Wales v Portugal: Bale wants to send Ronaldo on holiday early
There was a predictable line of humour heading Gareth Bale's way before he took his leave of the Bernabeu and headed off for his big adventure at the European Championships with Wales.
"I remember Toni Kroos saying we'd only have three games, so it would be nice to meet him in the final," revealed Bale.
This was a variation on a very old theme, as any long-suffering Wales player like Bale will tell you.
The stick was unremitting: "when we used to lose and when we were 100th in the world. 'You have nine weeks holiday instead of two.' Just the normal stuff," he reflected with a wide grin.
These disclosures came in response to the question of whether he and Cristiano Ronaldo, whom Bale finds himself up against in the Lyon semi-final tomorrow night, had discussed the tournament before going their separate ways in May.
The flat 'No' Bale offered in response spoke volumes for the fact that there is something less than love in their relationship.
Bale has never been the life and soul of the team in the Spanish capital.
He'll turn up at the dinner parties which are a part of the Real Madrid social circuit but generally leaves them early, with Kroos the only one who is even more peripheral to that side of life.
The Spanish full-back Dani Carvajal is the one to whom Bale has most affinity, but few relationships seem as chilly as his and Ronaldo's.
This discussion certainly revealed an attachment to Real's Portuguese defender Pepe, whose thigh muscle strain prevented him training on Tuesday and renders him a doubtful for Stade de Lyon.
"He's a very professional athlete and a great man," Bale said. "He's been very good with me. It'll be a big loss but I'm sure he'll do everything he can to get fit."
Yet on Ronaldo, there was nothing. No conversation between the pair since they'd progressed to a semi-final.
An embarrassed shrug when Bale was asked by a Portuguese journalist to compare their respective free-kick styles. ("Different feet for a start. He has his own style and I have mine. I don't know what else to say.") And no suggestion that he had advised Chris Coleman how to cope with 'CR7' in south-east France.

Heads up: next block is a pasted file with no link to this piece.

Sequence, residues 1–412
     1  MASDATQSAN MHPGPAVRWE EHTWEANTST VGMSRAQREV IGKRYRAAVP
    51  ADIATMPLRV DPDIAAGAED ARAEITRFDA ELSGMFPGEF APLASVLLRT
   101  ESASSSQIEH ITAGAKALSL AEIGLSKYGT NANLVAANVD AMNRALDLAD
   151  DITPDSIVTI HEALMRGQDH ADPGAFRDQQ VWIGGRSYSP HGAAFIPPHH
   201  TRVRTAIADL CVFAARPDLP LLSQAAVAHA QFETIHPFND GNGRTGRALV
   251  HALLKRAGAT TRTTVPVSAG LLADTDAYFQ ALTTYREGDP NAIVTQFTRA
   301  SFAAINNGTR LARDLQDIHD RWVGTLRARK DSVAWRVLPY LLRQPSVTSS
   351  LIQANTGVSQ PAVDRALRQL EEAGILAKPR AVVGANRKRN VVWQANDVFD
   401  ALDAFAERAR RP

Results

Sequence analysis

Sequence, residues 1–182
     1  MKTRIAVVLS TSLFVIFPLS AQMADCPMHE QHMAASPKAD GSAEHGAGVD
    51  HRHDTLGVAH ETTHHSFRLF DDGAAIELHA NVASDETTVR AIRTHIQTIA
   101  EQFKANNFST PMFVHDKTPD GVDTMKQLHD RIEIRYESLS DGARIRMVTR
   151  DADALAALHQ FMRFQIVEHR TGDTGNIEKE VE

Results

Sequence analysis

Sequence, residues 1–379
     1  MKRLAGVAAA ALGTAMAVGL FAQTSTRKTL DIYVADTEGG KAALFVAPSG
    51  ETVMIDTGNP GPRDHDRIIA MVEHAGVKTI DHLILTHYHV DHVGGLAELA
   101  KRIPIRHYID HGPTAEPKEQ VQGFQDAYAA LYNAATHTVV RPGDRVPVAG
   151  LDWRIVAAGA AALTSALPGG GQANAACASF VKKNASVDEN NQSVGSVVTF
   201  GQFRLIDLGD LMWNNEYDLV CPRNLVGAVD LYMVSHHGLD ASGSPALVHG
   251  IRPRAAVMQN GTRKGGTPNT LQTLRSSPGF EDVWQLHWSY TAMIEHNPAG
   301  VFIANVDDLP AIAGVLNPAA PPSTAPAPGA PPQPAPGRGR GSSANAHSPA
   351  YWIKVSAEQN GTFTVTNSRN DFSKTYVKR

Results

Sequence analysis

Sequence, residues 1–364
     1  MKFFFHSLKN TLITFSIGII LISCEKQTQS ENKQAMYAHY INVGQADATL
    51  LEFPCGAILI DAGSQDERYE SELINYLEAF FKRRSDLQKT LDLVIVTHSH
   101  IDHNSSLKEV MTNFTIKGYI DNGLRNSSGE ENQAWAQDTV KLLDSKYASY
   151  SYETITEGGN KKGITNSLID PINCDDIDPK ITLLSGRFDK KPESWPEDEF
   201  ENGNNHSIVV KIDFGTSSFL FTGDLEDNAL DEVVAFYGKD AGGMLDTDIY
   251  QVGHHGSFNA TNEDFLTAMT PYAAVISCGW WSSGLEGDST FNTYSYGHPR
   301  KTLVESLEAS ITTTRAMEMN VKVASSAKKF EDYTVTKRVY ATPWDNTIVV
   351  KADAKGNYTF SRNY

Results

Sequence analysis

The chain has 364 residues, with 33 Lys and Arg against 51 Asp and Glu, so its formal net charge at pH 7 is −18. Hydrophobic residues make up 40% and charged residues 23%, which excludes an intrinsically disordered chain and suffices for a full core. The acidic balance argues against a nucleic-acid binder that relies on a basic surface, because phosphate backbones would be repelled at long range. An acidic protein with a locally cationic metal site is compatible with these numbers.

In all, Bale was asked 11 questions about his relationship with Portugal's talisman and the only one which elicited the hint of an answer was on why his Real team-mate (left) might have recently thrown a cameraman's microphone in a lake. "I'm not sure. I can't comment on what he does or how he's feeling," Bale said. Bale's own state of mind is less of a mystery. It's become part of the routine Wales have in place that two days out from a game he will sit down to talk, and conversation was by no means running dry.
Wales are actually enjoying being here, with an air of collective mirth revolving around the fact that Joe Ledley - who evidently hadn't anticipated still being here on the Brittany coast with Wales so deep into the tournament - had planned to get married on Saturday.
Had any of the team been invited? "No. None of us," Bale replied. "Well none of us are going now so it makes no difference!"
Bale certainly seemed to have more confidence that his season would not be over, come next Sunday.
Behind the smiles, there has been a hard competitive intent, illustrated by his request that Real Madrid physio Jaime Benito, a confidante and friend according to Spanish press, be at the Welsh camp to work with him.
And Bale might well still be here on Sunday, having the last laugh on Kroos, the Real Madrid team-mate he can actually call a friend.
Wales v Portugal
Euro 2016 semi-final: Lyon, Tomorrow, 8pm